Often times, a lot of us are not able to ride our motorcycles as frequently as we’d like. I’ve been guilty of letting my motorcycle sit for months at a time. I wondered how long a motorcycle can sit before the battery dies, so I did some research and some personal trial and error to find out.
So how long can a motorcycle sit before the battery dies? The average motorcycle battery will die after 2 – 4 months without running. Newer batteries can last longer with an average of 3 – 5 months until dying whereas older batteries will not last as long giving it an average of 1 – 3 months until the battery dies while the motorcycle is sitting.
There is a lot to consider when it comes to letting your motorcycle sit and it’s battery life. Dead batteries tend to happen at the least convenient times. This article will help you understand how the whole system works and provide some maintenance tips. That way you can be sure that you won’t be left stranded with a dead motorcycle battery.
Why a Motorcycle Battery Loses Power When It’s Not Used
It’s important to use your motorcycle periodically to keep the battery in check. If a motorcycle battery is not used and just sits, it will lose it’s capacity to power your motorcycle. Every time you let your battery die, it causes some permanent damage, making your battery lose some of it’s ability to charge fully.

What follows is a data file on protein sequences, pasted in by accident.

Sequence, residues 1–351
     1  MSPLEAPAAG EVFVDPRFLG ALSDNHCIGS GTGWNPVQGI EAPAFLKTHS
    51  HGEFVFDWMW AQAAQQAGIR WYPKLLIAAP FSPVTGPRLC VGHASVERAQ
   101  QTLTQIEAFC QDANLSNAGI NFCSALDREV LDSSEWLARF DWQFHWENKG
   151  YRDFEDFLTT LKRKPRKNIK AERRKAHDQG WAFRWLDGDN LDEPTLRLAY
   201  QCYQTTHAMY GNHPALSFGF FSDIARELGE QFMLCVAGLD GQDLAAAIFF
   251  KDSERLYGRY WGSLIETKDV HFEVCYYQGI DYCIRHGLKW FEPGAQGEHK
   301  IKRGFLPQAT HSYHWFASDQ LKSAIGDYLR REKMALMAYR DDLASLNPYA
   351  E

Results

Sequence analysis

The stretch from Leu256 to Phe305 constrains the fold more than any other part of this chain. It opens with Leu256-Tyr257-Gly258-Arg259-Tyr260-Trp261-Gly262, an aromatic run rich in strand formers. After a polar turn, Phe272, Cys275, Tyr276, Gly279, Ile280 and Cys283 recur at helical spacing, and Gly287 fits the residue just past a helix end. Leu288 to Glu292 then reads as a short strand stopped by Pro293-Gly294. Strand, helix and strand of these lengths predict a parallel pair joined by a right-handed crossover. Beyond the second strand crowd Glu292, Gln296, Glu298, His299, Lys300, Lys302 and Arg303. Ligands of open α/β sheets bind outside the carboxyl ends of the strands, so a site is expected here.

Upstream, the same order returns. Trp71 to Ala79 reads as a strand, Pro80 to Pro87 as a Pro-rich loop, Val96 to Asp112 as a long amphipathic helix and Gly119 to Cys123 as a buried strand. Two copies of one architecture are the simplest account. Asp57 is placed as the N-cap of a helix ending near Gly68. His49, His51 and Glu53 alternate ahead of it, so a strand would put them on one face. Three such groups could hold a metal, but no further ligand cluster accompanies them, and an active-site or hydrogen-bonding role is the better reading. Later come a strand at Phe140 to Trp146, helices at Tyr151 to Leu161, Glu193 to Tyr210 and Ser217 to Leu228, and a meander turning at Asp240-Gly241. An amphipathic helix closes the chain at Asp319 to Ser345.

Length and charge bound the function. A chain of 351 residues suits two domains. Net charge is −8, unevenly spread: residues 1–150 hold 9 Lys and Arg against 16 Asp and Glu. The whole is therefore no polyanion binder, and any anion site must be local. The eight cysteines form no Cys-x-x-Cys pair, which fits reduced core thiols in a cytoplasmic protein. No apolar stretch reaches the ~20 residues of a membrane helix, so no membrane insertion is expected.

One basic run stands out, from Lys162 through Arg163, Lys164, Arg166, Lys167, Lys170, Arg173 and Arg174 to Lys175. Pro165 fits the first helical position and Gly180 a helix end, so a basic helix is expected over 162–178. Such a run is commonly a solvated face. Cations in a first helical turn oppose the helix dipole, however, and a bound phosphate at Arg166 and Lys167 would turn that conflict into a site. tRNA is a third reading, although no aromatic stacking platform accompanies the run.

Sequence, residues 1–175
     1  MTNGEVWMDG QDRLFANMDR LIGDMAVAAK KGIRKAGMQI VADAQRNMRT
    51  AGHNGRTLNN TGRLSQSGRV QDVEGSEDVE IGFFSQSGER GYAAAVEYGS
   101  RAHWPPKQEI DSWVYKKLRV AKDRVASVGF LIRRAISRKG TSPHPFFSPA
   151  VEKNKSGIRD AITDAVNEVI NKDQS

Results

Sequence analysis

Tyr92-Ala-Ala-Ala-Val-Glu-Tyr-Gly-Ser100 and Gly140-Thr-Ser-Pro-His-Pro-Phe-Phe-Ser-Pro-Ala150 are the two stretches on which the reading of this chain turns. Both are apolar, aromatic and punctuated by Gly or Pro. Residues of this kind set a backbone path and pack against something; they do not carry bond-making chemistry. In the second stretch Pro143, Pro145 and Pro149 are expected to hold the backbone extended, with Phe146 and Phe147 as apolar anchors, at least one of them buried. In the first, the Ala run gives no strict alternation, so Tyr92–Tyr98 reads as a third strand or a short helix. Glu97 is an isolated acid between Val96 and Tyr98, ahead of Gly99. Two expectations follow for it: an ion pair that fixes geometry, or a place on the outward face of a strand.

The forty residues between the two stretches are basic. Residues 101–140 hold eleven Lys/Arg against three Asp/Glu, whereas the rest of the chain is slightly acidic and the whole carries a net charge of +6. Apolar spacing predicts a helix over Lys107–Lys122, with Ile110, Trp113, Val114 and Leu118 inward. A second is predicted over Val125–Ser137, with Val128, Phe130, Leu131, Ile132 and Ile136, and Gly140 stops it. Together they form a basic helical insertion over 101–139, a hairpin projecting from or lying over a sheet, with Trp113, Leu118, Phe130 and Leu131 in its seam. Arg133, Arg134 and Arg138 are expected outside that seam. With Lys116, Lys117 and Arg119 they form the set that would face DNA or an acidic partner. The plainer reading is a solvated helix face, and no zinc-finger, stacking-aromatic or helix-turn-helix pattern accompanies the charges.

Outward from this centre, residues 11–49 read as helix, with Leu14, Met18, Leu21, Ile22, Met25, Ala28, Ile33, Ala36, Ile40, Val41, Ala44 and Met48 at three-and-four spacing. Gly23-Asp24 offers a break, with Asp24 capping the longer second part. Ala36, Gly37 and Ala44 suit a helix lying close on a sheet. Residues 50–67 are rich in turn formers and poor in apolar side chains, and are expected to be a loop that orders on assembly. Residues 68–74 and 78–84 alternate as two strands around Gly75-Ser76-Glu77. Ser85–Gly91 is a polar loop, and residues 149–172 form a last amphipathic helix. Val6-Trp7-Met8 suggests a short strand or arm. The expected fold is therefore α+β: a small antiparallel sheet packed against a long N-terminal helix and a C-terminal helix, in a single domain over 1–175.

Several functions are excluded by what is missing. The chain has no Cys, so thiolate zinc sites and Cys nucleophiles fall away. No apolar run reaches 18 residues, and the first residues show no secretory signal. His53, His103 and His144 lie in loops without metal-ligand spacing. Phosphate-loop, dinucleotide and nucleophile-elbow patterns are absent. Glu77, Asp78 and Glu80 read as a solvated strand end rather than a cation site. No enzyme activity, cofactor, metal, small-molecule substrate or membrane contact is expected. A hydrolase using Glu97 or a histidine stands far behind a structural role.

Think of it this way: if you’ve ever broken a bone, you understand what it’s like having a cast and not being able to use that part of your body. When you finally get your cast off, you’ve temporarily lost the ability to use that body part to it’s full capacity because you haven’t been using it or exercising your muscles. A motorcycle battery is similar.
There is also a phenomenon called parasitic drain. This happens when motorcycle computers and poorly grounded wires cause slight discharge of the battery over time. In other words, your battery charge is slowly getting drained from some other unwanted source.
This phenomenon is especially common with older bikes. Each time you don’t use your motorcycle, this parasitic drain can cause further damage. A good rule of thumb that one of my automotive professors taught me was that batteries have 9 lives just like cats. Each time you let the battery fully discharge it loses some of it’s full charging potential.
Cold weather doesn’t necessarily drain your battery, it just means your motorcycle requires more voltage to start which your battery might not be able to give.
When a connection is made between the positive and negative terminals of the battery, an electric current is generated. A chemical reaction is then created that generates the electrons to produce the current of the battery. Cold temperatures hinder this chemical reaction which causes less current produced.
Letting a motorcycle battery sit dormant in cold weather will cause problems with starting. The cold ambient air restrains the battery from producing enough current to even start the motorcycle at all. Keeping a motorcycle outside in the elements can make the battery especially susceptible to this. See my article here to learn more about the other things that happen to your motorcycle when you let it sit.